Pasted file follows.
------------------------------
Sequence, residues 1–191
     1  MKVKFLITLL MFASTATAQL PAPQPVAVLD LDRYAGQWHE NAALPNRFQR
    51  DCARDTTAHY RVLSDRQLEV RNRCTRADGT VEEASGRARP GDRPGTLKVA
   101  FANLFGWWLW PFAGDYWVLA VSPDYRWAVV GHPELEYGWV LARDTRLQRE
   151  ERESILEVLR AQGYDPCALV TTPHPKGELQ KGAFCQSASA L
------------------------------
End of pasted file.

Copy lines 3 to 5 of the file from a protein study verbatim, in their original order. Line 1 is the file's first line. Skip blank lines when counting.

    51  DCARDTTAHY RVLSDRQLEV RNRCTRADGT VEEASGRARP GDRPGTLKVA
   101  FANLFGWWLW PFAGDYWVLA VSPDYRWAVV GHPELEYGWV LARDTRLQRE
   151  ERESILEVLR AQGYDPCALV TTPHPKGELQ KGAFCQSASA L